Meaning of ‘Calm’ poster should not be lost in time
Published: Wednesday, April 4, 2012
Updated: Wednesday, April 4, 2012 22:04
We’ve all seen it. That curious red poster telling us to keep calm and carry on. Some of us have it in our dorm rooms (including myself) and others have seen the image and parodies of it posted on Facebook. What many don’t know is that the phrase has a great deal of historical significance. Surprisingly, few people actually seem to know the origins of the poster, which is essential in explaining its ubiquity.
Although it may seem strange to some given how spontaneously the poster found its way on the walls of college students, “Keep Calm and Carry On” is not a new phrase. It’s more than 70 years old and was developed during World War II by the British government to help inspire average citizens.
By late 1939, Western Europe was engaged in a savage war against Nazi Germany for control of the continent. After Hitler invaded Poland, both France and Great Britain declared war on the Germans and World War II was in full swing.
In order to maintain morale for the war, which would soon enter its darkest year as Nazi Germany extended its control over all of Western Europe, the British government produced a superb piece of propaganda, a solid red poster with the British crown on it reading, “Keep calm and carry on.”
The phrase was simple, concise and to the point. Ordinary British citizens, many of whom had already been sent into combat to fight the Germans, should not back down from the coming fight and try to continue their lives as best they can. The poster and its effect on the British population points to the legendary stoicism of the English.
By 1940, Hitler had conquered Poland, the Low Countries and all of France, before setting his sights on the British Isles. In October, he launched his air force, the deadly Luftwaffe, on a campaign to comprehensively bomb the British into submission. October, 1940, was a month when it would have been extremely difficult for the British to stay calm and collected.
But in the face of seemingly insurmountable odds, the British managed to withstand the tremendous air assault and repelled the Luftwaffe. The Nazis, as well as the rest of the world, were stunned at this turn of events, given how easily Germany had managed to subdue the rest of Europe.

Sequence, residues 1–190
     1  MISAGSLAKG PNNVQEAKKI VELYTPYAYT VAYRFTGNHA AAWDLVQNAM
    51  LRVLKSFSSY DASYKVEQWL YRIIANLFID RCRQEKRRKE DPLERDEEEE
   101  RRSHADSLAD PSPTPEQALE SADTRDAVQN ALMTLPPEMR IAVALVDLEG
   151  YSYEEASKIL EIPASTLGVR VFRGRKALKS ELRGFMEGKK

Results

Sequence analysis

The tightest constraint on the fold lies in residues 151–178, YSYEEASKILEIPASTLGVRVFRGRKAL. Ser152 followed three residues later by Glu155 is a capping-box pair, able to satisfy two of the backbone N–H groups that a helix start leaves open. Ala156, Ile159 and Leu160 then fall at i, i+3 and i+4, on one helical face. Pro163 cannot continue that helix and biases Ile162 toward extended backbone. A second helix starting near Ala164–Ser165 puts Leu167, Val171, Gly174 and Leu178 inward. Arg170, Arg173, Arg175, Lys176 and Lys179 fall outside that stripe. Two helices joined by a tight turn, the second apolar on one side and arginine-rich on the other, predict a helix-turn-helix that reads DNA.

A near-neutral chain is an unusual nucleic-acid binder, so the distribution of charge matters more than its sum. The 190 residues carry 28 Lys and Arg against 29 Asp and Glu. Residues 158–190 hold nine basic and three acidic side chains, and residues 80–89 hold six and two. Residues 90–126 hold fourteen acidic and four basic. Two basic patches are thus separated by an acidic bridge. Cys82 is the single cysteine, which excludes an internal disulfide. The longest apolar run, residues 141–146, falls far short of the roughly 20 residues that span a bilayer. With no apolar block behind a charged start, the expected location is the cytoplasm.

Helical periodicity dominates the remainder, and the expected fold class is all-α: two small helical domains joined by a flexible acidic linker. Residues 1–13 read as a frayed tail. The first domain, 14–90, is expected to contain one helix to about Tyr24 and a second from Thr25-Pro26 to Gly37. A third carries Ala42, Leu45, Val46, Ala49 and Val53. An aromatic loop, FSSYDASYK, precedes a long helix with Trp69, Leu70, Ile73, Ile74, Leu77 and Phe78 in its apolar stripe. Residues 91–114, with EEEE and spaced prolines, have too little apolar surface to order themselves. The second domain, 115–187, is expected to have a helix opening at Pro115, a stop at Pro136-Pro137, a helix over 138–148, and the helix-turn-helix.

While it seems facetious to claim that a poster won the Battle of Britain for the English, we can see that the poster has much more significance behind it than most young people (or adults for that matter) appreciate. It helped the British keep their chins up while their homeland was being destroyed.
The importance of this poster during for the British in World War II is certainly clear. But in the contemporary world, the poster still has much meaning. The stagnant economy has left many citizens across the world unemployed and unsure of their futures. For those individuals, a phrase encouraging them to weather the storm may be of great comfort.
Wherever I see this poster, I try not to separate the phrase from the context in which it was inspired. Doing so is a disservice to the history that lies behind the phrase. Instead, I’m reminded that if the British can courageously stand firm against Nazi Germany in the world’s darkest hour, I can certainly keep calm and carry on through my undergraduate career, a slightly less formidable endeavor.
These words should always be viewed in their historical context. “Keep Calm and Carry On” is much more than a recent college fad and should never only be viewed as such; it harkens back to a people who did not waver as they withstood a ruthless attack on their homeland when despair seemed the easier option. It encapsulates quite well the wartime spirit of the British, one of perseverance, courage and wit that no German bomber could tame.